News / Africa

    MSF Reduces CAR Medical Care

    Women wait in line to have their children vaccinated against measles, at a makeshift camp housing people displaced by violence at a monastery in the Boy Rabe district of Bangui, Central African Republic, Sunday, Jan. 5, 2014. Concerned that crowded and un
    Women wait in line to have their children vaccinated against measles, at a makeshift camp housing people displaced by violence at a monastery in the Boy Rabe district of Bangui, Central African Republic, Sunday, Jan. 5, 2014. Concerned that crowded and un

    Multimedia

    Audio
    Joe DeCapua
    The medical aid group Doctors Without Borders is reducing its operations in Central African Republic for one week. The move is to protest the recent killings of 16 civilians, including three staffers, at a northern hospital.
     
    The civilians were killed on April 26th, during an armed robbery of the hospital in Boguila. The group, also known by its French acronym MSF, has since evacuated its remaining personnel from the area.
     
    Stefano Argenziano, MSF Head of Mission in CAR, said, “It has been an act of extreme violence unto MSF and unto the local population. And a week later, we have decided to reduce, temporarily reduce, throughout the country in about 15 locations all our medical activities to only life saving services.”
     
    Since December 2012, MSF has been the victim of 115 security incidents, including 31 armed robberies. It has repeatedly complained about the insecurity, including the attack in Boguila, which it described as the “most extreme and tragic of the past year.”
     
    “Following the massacre in Boguila, there’s no official reaction nor condemnation from the government of Central African Republic nor from the different armed groups operating in CAR, in the Central African Republic. And we find this unacceptable,” he said.
     
    Argenziano added that there was no mistaking the 115 bed hospital for anything but a medical facility.
     
    “The hospital is clearly identified as an MSF facility,  and so were the staff, which got killed during the attack. One of the most outrageous elements of the tragedy is the total lack of respect for a medical facility, for a hospital – a place where not only they could receive medical care, but also receive a certain degree of protection.”
     
    The MSF head of mission said it’s not clear when the hospital in Boguila might reopen. The group is negotiating with all parties involved in the CAR violence about ensuring the safety of its personnel. Following those talks, a decision will be made on whether to restore all of its medical programs in the country to full operation.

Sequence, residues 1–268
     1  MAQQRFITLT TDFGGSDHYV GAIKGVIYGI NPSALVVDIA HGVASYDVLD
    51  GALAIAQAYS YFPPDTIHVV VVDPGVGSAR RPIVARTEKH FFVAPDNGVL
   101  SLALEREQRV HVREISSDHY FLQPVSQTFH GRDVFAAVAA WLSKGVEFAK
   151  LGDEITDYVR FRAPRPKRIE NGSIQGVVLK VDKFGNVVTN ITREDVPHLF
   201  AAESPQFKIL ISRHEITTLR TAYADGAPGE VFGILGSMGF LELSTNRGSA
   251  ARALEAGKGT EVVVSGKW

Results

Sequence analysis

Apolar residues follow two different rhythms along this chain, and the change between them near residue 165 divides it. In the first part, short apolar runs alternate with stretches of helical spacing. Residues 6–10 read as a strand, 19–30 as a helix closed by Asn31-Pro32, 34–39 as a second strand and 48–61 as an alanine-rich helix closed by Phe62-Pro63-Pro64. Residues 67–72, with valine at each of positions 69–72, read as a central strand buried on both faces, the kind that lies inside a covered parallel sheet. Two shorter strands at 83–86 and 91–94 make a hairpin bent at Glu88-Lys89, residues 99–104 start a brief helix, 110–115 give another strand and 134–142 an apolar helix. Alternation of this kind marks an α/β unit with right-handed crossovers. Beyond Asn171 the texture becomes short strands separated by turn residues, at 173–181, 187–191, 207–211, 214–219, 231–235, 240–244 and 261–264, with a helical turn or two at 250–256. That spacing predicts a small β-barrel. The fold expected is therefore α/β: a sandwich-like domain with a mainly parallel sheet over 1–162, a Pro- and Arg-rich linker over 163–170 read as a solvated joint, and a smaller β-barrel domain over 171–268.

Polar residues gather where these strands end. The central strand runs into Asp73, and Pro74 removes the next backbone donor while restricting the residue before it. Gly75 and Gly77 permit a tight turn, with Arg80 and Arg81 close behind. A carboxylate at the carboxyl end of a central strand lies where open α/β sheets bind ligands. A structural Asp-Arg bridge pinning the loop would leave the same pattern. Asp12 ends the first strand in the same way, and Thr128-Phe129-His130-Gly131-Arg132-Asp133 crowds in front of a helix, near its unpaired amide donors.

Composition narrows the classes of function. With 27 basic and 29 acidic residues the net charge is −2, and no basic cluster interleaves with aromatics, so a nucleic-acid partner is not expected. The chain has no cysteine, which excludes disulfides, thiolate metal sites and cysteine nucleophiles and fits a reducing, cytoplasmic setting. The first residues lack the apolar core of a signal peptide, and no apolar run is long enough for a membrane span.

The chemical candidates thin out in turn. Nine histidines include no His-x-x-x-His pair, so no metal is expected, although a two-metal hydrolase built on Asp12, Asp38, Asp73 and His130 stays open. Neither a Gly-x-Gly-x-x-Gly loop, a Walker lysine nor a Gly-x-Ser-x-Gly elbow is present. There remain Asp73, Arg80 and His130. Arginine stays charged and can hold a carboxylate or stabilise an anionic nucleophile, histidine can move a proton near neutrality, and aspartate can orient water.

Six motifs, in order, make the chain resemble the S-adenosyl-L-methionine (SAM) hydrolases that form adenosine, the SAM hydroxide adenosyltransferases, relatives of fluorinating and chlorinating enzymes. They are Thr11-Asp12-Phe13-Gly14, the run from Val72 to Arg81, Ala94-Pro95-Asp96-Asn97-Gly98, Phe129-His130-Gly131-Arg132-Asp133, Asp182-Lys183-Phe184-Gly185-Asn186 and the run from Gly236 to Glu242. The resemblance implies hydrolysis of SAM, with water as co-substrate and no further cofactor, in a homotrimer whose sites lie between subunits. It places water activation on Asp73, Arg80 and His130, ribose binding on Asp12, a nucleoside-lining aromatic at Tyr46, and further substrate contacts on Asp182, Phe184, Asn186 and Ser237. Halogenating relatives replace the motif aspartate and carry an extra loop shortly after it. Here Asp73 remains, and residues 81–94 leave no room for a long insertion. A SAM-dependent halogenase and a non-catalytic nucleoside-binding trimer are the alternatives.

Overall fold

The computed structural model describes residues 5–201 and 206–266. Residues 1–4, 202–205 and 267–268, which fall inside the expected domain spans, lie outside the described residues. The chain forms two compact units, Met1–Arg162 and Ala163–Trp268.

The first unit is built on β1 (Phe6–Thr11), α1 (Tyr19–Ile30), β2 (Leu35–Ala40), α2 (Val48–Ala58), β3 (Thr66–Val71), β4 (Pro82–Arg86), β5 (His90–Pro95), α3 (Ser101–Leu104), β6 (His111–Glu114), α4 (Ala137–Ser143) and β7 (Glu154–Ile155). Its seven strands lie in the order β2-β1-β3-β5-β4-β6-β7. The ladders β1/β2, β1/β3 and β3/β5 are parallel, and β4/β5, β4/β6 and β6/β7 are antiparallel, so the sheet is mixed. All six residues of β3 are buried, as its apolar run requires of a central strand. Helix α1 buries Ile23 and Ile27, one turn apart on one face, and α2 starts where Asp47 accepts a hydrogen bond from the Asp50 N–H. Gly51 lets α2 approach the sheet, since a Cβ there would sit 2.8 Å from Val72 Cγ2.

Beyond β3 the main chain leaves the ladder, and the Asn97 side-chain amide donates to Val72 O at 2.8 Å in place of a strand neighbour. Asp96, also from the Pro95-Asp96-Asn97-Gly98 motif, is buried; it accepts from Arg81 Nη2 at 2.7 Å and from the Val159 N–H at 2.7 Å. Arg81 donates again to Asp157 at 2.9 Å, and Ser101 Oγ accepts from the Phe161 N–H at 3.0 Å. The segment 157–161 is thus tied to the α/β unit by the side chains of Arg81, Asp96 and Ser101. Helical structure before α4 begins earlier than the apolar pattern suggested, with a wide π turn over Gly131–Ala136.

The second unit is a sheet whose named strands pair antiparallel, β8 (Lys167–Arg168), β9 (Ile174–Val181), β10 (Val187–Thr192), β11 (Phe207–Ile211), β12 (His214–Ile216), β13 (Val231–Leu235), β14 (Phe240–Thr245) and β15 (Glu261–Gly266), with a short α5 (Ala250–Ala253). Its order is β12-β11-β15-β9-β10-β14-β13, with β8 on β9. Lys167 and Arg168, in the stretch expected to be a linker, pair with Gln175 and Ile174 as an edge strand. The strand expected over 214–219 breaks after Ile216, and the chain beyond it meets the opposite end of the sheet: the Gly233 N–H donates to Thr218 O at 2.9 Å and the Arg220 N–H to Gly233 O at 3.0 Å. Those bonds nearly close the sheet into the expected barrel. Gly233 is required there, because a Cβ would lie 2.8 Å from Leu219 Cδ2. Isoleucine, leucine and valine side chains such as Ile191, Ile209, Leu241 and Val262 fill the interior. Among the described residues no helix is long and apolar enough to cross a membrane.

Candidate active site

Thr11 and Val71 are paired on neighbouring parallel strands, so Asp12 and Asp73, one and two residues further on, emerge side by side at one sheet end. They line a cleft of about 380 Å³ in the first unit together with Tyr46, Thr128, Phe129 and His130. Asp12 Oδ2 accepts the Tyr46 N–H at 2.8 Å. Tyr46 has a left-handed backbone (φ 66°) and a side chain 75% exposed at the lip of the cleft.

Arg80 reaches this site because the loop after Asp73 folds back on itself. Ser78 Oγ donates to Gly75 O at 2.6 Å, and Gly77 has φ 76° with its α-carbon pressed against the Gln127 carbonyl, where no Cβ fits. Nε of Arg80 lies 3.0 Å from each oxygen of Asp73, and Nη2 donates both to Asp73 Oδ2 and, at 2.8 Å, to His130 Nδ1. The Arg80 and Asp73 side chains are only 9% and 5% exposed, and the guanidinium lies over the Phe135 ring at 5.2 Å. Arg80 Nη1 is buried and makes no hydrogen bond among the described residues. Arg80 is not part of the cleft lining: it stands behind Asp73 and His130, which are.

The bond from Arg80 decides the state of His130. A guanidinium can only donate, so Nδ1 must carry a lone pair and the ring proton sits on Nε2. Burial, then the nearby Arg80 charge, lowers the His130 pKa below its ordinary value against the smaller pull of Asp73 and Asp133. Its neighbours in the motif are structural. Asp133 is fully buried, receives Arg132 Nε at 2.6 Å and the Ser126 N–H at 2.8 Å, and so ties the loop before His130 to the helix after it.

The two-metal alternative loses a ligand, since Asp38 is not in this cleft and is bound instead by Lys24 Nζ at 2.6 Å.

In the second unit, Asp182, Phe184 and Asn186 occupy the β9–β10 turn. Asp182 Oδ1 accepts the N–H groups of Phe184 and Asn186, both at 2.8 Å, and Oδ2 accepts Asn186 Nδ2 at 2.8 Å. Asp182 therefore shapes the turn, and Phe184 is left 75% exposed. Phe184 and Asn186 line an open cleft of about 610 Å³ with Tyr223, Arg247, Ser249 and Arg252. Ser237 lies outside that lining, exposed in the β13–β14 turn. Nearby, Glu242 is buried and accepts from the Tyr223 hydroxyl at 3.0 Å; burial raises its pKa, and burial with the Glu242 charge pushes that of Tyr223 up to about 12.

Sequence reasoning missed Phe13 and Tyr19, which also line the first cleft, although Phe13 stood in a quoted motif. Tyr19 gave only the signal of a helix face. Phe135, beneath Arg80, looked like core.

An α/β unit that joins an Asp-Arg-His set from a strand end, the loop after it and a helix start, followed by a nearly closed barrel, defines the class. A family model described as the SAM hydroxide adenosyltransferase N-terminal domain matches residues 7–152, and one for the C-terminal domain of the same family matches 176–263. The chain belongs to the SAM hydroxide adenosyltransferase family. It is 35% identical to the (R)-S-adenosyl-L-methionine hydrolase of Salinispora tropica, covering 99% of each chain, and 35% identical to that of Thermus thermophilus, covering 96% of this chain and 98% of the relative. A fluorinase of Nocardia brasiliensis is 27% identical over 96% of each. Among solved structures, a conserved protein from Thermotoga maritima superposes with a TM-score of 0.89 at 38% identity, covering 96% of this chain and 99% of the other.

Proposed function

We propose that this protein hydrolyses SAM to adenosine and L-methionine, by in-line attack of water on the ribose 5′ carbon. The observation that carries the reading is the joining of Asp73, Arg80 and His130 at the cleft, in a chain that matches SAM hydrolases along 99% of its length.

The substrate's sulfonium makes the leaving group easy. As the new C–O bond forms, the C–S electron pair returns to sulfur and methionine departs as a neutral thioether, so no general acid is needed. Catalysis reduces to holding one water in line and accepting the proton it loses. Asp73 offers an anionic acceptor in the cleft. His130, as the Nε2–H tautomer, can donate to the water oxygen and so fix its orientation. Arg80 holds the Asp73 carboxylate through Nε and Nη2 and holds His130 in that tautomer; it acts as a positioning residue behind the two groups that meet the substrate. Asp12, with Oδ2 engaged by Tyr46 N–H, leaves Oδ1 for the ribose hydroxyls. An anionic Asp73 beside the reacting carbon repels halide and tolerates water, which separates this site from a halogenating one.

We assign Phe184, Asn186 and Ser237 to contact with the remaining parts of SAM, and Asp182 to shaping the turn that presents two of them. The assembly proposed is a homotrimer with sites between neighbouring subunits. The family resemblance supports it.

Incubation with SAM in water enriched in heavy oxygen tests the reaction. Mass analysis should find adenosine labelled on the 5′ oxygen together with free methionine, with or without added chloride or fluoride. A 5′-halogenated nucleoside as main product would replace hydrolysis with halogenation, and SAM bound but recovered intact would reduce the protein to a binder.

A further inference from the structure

Doctors Without Borders is calling on the international community to do more to protect the civilian population. The group has been working in the country since 1997 with more than 300 international staff members and more than 2,000 CAR national employees.
     
    Violence in CAR grew dramatically worse last December. That’s when Christian militias, known as anti-balaka, formed and launched revenge attacks against mostly Muslim Seleka rebels. Since then, most of the Muslim population in Bangui has been relocated to safer locations. Civilians are the prime targets for both groups.  The transitional government has not been able to stem the killings.

    You May Like

    New EU Asylum Rules Could Boost Rightists

    New regulations will seek to correct EU failures in dealing with migrant crisis, most notably inability to get member states to absorb a total of 160,000 refugees

    More Political Turmoil Likely in Iraq as Iran Waits in the Wings

    Analysts warn that Tehran, even though it may not be engineering the Sadrist protests in Baghdad, is seeking to leverage its influence on its neighbor

    Forced Anal Testing Case to Appear Before Kenya Court

    Men challenge use of anal examinations to ‘prove homosexuality’; practice accomplishes nothing except to humiliate those subjected to them, according to Human Rights Watch

    By the Numbers

    Featured Videos

    Your JavaScript is turned off or you have an old version of Adobe's Flash Player. Get the latest Flash player.
    Tensions Rising Ahead of South China Sea Rulingi
    X
    May 03, 2016 5:16 PM
    As the Philippines awaits an international arbitration ruling on a challenge to China's claims to nearly all of the South China Sea, it is already becoming clear that regardless of which way the decision goes, the dispute is intensifying. VOA’s Bill Ide has more from Beijing.
    Video

    Video Tensions Rising Ahead of South China Sea Ruling

    As the Philippines awaits an international arbitration ruling on a challenge to China's claims to nearly all of the South China Sea, it is already becoming clear that regardless of which way the decision goes, the dispute is intensifying. VOA’s Bill Ide has more from Beijing.